Image courtesy of Stella Martin
Denying justice to families harmed by pollution doesn’t necessarily take high-powered attorneys, a crooked judge or a multi-national corporation. Sometimes it only takes a village. Or, in one mother’s case, a town.
In a recent interview, Stella Martin, a resident in the small hamlet in rural Catskill, NY, talks about how she has been trying for years to get local and state officials do their jobs: namely to make sure the illegal dumping next door to her home is put to an end, and that what was dumped there isn’t slowly poisoning her family.
Martin’s story begins in December 2012 when she first started noticing trucks dumping on the property next door owned by man named Fred Edwards III who runs a small composting business there.
The dumping itself wasn’t particularly unusual, Martin said. What was odd was when it occurred. Large trucks importing yard waste would be brought to the facility next door to her home just before the break of dawn.
Given the proximity of Edwards’ property to the Martin family well, or their underground source of drinking water, she naturally had concerns about what was being trucked in. Plus the property is adjacent to state- and federally-protected wetlands.
Over time, Martin said she began seeing some disturbing things: full garbage bags being dumped into holes for burial. Large chunks of concrete and rubber and other construction debris littering in the adjacent wetlands where the lily pads and trees were slowly dying.
After years of looking for answers, the state Department of Environmental Conservation (DEC) would determine in 2015 Edwards had in fact illegally dumped, “leaves, wood chips and organic material in wetlands.”
Investigators would tell the local Daily Freeman newspaper they found, “… the trucks arriving at night were hauling organic material, including leaves and small wood products — yard wastes — from Long Island,” to turn into mulch.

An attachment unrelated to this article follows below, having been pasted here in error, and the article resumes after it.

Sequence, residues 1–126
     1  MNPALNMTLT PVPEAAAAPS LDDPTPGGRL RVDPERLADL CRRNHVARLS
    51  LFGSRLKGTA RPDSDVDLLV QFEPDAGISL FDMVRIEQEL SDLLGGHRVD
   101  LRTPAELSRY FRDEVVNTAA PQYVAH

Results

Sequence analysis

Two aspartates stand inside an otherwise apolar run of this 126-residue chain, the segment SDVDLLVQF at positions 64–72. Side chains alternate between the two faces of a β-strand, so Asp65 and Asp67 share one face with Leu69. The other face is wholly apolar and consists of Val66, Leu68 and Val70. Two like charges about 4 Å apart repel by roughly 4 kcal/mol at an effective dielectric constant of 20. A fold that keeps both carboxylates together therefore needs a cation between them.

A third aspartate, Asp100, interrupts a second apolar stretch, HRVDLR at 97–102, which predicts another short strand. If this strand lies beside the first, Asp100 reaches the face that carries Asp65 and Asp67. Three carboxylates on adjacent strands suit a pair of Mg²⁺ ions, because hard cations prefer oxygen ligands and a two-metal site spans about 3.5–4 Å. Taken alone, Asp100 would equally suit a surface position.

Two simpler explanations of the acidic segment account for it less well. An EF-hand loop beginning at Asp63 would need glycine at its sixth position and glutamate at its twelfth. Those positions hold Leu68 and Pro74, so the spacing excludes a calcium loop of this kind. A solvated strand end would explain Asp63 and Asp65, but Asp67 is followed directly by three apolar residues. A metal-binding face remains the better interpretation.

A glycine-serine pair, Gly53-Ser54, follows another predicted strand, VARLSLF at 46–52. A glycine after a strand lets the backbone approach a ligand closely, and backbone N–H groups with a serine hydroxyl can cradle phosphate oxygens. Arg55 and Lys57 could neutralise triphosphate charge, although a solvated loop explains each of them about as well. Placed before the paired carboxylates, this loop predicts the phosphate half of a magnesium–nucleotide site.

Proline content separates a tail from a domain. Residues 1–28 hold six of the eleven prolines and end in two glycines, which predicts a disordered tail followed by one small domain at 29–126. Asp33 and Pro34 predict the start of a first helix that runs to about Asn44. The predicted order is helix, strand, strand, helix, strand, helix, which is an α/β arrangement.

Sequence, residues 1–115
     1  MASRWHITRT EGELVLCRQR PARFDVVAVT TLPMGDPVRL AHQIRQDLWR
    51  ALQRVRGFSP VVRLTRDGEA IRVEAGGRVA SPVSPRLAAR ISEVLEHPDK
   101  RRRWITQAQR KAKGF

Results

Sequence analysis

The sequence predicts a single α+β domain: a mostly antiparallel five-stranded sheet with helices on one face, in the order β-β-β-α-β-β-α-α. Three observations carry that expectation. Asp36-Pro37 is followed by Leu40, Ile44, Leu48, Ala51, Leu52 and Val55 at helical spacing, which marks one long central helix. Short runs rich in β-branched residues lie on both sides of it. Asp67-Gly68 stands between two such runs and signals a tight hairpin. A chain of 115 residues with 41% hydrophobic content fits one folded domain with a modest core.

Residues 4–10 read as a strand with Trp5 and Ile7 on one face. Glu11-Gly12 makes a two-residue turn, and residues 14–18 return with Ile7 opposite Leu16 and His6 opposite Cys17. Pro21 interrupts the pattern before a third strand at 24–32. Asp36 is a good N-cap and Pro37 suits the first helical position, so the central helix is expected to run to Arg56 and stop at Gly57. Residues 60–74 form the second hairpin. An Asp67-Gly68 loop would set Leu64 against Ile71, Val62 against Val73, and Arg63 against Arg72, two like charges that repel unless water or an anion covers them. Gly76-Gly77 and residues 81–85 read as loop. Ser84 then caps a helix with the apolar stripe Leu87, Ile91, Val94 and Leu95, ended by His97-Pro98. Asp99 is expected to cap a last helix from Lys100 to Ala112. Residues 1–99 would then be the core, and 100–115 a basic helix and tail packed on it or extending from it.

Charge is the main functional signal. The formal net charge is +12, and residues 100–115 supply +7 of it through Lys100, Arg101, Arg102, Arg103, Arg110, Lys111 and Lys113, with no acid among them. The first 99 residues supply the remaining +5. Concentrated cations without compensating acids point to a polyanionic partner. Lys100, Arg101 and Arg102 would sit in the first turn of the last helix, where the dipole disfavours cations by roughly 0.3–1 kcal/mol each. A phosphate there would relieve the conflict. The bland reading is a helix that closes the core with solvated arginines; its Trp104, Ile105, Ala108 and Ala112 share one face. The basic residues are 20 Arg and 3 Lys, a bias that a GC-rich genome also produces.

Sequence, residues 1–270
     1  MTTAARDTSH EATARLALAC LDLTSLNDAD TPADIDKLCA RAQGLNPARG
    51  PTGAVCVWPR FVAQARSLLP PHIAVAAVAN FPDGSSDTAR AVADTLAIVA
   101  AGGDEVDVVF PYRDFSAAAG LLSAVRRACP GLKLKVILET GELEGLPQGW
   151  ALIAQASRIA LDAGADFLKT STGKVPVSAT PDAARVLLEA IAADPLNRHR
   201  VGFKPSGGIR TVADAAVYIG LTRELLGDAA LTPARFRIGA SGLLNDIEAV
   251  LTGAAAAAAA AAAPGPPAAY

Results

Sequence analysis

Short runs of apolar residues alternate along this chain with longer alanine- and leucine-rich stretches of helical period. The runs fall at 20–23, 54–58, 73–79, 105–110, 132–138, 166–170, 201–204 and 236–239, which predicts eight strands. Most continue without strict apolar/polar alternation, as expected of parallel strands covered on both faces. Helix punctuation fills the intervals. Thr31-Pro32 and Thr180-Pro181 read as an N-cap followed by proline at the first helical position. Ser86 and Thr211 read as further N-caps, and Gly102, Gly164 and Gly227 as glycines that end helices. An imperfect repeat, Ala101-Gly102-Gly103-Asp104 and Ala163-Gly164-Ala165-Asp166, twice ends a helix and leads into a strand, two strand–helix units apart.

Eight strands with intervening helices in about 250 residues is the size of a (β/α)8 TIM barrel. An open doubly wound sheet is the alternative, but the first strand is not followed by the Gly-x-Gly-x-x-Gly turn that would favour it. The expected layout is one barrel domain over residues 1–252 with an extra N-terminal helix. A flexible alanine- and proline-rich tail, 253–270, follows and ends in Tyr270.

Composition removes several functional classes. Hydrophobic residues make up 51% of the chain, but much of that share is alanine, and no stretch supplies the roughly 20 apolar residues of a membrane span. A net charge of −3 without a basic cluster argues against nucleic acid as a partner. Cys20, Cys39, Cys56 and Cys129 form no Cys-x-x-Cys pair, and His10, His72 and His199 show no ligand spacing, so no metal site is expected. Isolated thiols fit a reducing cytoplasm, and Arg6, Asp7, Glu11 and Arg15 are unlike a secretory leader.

According the Daily Mail, another local newspaper, an inspection in January 2015 would find things like home siding and, yes, plastic bags, buried on the property. Edwards also had not maintained the required 200-foot setback from the pond.
Reports also note in August 2013, officials found Edwards had, “dumped fill consisting primarily of dirt, brick, cinder block, asphalt, concrete, wood chips and stone, over the slope down to and into the wetland.”
In the end, a consent order would be handed down from the DEC to Edwards and $11,000 in fines were levied against him, though a large portion of the penalty — $9,000 — would be waived so long as he complied with the clean up.
Part of the remedial work included moving the junk found in 2013 away from the wetlands, a process which involved moving a lot of dirty things with heavy machinery. At the time, Martin tried to compel area officials and regional state authorities to take a closer look at the debris.
She and her family would later learn in a devastating way her concerns were valid.
The summer of 2015 was a dry one in Greene County and as remedial efforts were underway on the Edwards property, on windy days, large plumes of dust would engulf the Martin home which could be viewed as a minor inconvenience for the sake of the clean-up, she said.